|Shannon McRae has been accepted into an NEH Summer Institute this summer at the Newberry
Library in Chicago. “The Institute is called Making Modernism: Literature and Culture in Twentieth-Century Chicago, 1893-1955.
It will help with her current book project on 20th-century American spiritual tourism,
because Chicago culture during that time is important to several of the communities
she’s studying, and will also open avenues for curriculum development in the American
|Sarah Gerkensmeyer has been long-listed for the prestigious Frank O'Connor International
Short Story prize. Among those joining Sarah on the list for excellence in short
story collections are writers such as Junot Diaz, Joyce Carol Oates, and George Saunders.
Sarah is one of only 29 American authors to make the list.
Adrienne McCormick, Jan McVicker, and Katrina Hamilton-Kraft will deliver a panel
to the Literary London (serendipitous name congruence) Conference sponsored by the
University of London while they are teaching the Literary London classes in July.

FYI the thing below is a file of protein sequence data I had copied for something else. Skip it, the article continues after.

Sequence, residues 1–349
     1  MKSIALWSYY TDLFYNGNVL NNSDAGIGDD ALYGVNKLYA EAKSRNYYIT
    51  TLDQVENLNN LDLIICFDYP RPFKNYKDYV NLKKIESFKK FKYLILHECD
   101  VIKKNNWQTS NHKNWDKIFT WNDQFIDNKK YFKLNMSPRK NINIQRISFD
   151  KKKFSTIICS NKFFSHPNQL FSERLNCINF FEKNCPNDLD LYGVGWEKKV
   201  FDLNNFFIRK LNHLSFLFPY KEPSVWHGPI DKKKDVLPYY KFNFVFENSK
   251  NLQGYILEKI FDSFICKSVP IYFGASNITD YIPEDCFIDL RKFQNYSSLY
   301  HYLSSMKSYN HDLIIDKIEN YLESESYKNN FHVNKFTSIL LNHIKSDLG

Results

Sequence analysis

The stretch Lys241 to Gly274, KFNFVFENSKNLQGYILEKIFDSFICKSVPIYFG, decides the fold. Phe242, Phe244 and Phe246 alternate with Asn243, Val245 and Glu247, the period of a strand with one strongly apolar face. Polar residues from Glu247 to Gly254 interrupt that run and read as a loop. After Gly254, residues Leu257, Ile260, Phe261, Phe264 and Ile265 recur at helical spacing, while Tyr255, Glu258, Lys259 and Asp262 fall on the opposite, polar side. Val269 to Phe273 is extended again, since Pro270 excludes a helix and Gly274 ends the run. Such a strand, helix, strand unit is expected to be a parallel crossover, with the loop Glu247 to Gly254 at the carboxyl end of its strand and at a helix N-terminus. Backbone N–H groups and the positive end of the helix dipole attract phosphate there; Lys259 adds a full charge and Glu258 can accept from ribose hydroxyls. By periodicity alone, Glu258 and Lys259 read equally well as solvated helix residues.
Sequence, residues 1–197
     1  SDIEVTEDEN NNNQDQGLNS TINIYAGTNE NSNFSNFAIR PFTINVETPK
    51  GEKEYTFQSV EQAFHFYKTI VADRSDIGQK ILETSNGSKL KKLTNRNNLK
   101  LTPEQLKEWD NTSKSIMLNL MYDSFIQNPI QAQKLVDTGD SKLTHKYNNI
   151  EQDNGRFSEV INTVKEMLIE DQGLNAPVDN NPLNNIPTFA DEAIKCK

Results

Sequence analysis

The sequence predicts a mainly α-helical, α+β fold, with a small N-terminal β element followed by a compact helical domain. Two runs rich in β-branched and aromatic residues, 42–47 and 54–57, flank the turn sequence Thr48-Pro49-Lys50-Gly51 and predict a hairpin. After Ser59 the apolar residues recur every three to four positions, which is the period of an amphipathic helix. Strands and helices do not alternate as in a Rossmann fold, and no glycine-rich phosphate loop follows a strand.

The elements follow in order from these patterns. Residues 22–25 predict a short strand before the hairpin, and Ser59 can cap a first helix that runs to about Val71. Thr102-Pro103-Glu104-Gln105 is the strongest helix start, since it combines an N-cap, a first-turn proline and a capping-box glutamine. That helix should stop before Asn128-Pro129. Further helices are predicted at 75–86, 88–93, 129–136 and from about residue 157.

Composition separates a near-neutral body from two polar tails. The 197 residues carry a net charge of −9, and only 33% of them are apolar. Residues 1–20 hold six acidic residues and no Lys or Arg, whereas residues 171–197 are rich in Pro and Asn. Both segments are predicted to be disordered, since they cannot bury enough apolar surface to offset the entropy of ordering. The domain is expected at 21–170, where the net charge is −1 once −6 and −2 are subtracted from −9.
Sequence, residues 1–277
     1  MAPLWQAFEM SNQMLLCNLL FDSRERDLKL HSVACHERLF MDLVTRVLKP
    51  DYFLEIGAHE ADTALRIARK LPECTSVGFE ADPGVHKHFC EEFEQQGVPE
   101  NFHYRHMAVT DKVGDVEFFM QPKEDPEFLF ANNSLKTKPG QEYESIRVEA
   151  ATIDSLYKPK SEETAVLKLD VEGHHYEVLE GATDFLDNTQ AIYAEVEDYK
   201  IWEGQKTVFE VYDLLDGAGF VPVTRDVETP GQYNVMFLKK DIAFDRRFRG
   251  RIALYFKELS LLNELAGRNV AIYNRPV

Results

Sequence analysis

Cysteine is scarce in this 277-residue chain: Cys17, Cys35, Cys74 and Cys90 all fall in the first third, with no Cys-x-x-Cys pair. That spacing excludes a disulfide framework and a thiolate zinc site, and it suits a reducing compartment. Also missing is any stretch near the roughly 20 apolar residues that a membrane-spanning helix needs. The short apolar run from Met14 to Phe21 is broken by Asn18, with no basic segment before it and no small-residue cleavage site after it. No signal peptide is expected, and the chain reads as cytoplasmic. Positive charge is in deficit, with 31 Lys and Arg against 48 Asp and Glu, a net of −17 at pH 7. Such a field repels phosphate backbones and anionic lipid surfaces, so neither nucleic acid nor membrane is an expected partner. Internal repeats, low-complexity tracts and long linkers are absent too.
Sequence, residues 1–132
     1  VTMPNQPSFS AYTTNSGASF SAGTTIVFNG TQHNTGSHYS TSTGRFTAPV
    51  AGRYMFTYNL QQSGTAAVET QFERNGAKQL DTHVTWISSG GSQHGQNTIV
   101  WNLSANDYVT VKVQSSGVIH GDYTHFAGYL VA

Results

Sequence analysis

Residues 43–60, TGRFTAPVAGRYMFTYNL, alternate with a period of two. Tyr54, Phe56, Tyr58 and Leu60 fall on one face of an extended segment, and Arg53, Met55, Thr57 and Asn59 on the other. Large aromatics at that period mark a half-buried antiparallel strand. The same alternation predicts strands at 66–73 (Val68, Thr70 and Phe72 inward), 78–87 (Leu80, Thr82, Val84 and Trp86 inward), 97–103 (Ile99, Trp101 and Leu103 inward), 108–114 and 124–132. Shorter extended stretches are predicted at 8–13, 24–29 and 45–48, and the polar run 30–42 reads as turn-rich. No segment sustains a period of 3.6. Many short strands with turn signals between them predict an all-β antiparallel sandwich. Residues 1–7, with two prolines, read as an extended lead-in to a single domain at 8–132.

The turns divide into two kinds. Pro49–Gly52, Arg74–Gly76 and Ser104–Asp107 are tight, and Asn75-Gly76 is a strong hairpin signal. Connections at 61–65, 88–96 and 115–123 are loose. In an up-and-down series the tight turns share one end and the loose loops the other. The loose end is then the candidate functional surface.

The conference theme this year is “London in Chaos”; they proposed a panel that coincides
with the Summer 2013 Literary London topic of Mapping Englishness, called “Mapping
| Emily VanDette has written a new book, “Sibling Romance in American Fiction, 1835-1900,”
which establishes the narrative of sibling love as a culturally significant tradition
in 19th century American fiction.
With a focus on novels written during the antebellum through post-Civil War eras,
VanDette’s book examines fictional siblings, notably in the context of national crises
ranging from South Carolina’s threat to secede from the union in the 1830s to the
post-Reconstruction crisis of racial segregation in the 1890s.